As 2016 draws to a close, it’s time for me to thank my readers for dropping by.
Over the course of the year, I’ve managed to serve up the following smorgasbord :
- a whimsical ride on the 3rd Avenue El in lost New York,
- a swig of Mr. Clean,
- strange investments, including one where yours truly played cowboy in the Kansas oil patch,
- a travelogue account of my trip to Lithuania and the Soviet Union in 1985 (complete with a speeding stop),
- an in-depth look at the Olcott family in the 1940s — way before my time,
- the sad passing of my Uncle Ed, alone in paradise,
- my Dad’s contribution to the America’s Cup,
- barnacle scraping — my favorite! (and Geraldine’s!),
- my triumphs and hard times at Olcott International,
and heaps more!
And please don’t drink Mr. Clean!
Above: beautiful Charolais cows in France. Livestock photo by the author.
During my furtive job search in 1985, Brown Brothers Harriman was obviously not the place where yours truly got closest to the Finest Escape from an injurious job situation. That distinction belongs to an interesting entity called the Manufacturers Hanover Trust Company (“MHT”), otherwise known as “Manny Hanny.” A storied bank that had grown on the back of multiple acquisitions, by the mid-1980s it was one of the largest in New York City (and the world, for that matter).
However come 1992, it was no more. Kaput.
But in its day, one of its core strengths lay in its international banking operations, which was my particular interest. Plunging my contact list, I came to visit the headquarters numerous times at 270 Park Avenue. Astute readers may recognize that very same address from previous posts as Manny Hanny had purchased it from none other than Union Carbide. This was the very same building that Dad had dragged me to when he went trolling for secretaries in the 1960s, see my post “THE BIGGER IDEA (AND ME AS WINGBOY).”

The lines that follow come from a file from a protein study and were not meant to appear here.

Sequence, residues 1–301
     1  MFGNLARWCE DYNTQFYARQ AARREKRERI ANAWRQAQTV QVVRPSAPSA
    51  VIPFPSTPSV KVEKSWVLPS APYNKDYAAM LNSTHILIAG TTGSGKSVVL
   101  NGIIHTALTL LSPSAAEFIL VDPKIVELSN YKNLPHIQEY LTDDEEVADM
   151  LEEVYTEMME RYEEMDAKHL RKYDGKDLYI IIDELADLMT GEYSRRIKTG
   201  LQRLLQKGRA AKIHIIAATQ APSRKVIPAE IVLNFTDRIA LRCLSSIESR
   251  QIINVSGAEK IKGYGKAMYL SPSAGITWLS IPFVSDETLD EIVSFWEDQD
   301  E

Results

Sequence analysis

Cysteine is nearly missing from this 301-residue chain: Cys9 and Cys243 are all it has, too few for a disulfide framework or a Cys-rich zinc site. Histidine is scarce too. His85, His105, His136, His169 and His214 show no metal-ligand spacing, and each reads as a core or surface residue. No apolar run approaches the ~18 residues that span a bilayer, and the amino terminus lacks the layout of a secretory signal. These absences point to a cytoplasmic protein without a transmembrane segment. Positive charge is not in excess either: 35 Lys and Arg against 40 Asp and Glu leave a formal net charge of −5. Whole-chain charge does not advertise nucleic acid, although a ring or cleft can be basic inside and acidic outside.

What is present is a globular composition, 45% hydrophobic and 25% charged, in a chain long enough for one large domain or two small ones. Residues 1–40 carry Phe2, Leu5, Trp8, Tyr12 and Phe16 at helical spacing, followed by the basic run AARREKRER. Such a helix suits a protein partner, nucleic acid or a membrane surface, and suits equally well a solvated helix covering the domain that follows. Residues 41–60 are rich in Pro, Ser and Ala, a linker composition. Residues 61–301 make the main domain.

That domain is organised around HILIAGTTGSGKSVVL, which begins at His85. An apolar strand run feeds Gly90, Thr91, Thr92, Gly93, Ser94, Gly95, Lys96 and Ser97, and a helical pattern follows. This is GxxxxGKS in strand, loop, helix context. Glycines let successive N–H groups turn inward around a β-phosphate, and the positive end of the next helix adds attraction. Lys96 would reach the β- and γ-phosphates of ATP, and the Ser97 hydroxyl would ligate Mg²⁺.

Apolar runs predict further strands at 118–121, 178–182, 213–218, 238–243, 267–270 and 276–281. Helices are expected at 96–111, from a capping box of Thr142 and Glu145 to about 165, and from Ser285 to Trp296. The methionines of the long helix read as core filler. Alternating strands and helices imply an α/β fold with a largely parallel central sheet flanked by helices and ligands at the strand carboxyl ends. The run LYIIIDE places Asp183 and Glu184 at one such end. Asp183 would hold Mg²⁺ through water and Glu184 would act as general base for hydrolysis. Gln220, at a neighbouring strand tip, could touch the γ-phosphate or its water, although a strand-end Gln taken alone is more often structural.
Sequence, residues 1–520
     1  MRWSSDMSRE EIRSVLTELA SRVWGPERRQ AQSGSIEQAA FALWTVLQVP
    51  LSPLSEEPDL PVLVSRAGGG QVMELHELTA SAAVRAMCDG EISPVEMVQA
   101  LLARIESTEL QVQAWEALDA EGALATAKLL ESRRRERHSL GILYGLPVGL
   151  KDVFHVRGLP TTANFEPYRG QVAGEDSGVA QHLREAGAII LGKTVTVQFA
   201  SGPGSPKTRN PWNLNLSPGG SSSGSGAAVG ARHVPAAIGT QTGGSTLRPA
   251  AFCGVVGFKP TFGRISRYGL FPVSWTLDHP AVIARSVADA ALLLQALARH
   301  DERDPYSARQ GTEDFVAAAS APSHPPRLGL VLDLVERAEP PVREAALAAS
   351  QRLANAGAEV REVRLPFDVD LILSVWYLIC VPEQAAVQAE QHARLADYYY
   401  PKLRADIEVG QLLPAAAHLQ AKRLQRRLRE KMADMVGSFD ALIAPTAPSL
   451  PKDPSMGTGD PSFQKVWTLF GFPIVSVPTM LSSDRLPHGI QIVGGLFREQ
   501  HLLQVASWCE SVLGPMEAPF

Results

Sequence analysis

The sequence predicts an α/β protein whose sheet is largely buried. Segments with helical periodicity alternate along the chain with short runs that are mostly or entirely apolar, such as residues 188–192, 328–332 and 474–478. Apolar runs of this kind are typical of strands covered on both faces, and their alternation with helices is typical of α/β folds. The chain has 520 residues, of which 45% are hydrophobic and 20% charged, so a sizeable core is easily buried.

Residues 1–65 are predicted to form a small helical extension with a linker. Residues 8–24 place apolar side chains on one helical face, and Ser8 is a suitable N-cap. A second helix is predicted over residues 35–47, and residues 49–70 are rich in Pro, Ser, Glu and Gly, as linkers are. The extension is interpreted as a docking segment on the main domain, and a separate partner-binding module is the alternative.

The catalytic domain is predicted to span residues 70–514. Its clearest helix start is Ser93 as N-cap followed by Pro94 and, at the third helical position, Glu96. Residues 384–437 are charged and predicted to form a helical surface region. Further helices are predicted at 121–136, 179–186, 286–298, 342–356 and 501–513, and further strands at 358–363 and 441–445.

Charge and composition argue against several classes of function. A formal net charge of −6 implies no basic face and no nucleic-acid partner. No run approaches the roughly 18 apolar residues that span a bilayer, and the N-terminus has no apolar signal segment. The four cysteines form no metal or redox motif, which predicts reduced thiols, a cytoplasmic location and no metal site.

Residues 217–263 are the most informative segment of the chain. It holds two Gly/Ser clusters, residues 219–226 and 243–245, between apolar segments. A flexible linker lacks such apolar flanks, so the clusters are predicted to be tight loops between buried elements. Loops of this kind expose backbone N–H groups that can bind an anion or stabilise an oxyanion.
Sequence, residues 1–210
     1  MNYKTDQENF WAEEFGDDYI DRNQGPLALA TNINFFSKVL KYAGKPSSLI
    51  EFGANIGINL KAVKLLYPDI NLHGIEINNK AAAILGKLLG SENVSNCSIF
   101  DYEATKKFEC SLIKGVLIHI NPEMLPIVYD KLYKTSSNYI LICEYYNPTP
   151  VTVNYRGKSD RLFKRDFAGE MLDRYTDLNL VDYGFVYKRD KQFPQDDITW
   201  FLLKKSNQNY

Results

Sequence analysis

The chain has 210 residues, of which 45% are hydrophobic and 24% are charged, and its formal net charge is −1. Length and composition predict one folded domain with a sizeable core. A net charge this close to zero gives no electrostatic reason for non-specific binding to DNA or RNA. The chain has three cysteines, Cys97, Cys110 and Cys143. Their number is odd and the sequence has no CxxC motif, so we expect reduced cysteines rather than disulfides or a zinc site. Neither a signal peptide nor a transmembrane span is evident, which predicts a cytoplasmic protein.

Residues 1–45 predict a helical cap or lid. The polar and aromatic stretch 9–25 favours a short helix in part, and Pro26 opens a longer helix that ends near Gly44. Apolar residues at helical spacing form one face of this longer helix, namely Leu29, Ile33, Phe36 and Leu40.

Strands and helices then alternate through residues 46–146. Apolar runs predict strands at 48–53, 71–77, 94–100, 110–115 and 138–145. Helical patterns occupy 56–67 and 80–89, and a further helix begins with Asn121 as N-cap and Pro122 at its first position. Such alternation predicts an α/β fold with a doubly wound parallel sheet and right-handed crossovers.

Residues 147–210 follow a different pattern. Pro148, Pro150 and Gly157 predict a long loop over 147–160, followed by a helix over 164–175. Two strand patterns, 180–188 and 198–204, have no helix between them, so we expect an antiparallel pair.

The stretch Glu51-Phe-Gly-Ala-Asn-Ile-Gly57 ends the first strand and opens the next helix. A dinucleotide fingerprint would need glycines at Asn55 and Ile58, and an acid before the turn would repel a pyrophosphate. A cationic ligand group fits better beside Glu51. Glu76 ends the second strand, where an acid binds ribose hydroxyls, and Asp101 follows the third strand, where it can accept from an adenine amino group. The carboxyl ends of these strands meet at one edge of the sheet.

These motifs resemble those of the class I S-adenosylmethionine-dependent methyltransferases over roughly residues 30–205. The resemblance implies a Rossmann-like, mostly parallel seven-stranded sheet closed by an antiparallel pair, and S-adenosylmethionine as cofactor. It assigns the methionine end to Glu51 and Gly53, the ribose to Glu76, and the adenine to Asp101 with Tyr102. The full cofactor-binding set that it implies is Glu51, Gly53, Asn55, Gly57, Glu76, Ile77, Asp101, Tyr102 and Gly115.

It was the locale of the big score in my family, in other words, hallowed ground. Maybe it would be the same for me, personally.
In my post last week named after Salvador Dali’s surrealistic masterpiece, “PERSISTENCE OF MEMORY,” I ended the story, “I dusted off my resume and …”
… sent it off to the HR departments at all of my favorite potential employers! With, as previously noted, many misgivings. But I had to do it. It was time.
Not long after, some initial feedback trickled back to me and it was a little unsettling.
Turns out that I was no longer what you would consider to be a new graduate. Technically speaking, this meant that I was trying to make a prospective “career change.” In the job market, that’s a no-no and often a no-go. You see, if you’re skilled in one thing, you are automatically presumed to be no good for anything else. The job market is very simple-minded that way.
Look, I don’t write the rules. Just a silly blog. I’m merely reporting here. You decide.
Most people think that working in a family business is a privileged position. I can’t blame them for thinking that. I have the impression myself that many are.
I wish that mine had truly been of that fortunate variety.
But it wasn’t. My Dad just wasn’t the kind of person that you would want to work with, ever.
It was not solely because he was a nitpicker of the nth degree. Or a micromanager who would agonizingly complete the job poorer than you. Generally, such kind of people are insufferable to work with and are to be avoided like the plague.
Sadly, it went beyond that.
Maybe it was all due to his childhood experience of being second-place to an over-bearing older brother. Or his troll of a father. A mother who was overwhelmed by trying to shelter that older brother from the fault-finding excesses of her Stalin-duped husband. Accordingly, one Sunday morning in 1943, she got up out of bed, had a cup of coffee, and expired, all by 11AM!
Could have been just a character flaw, plain and simple.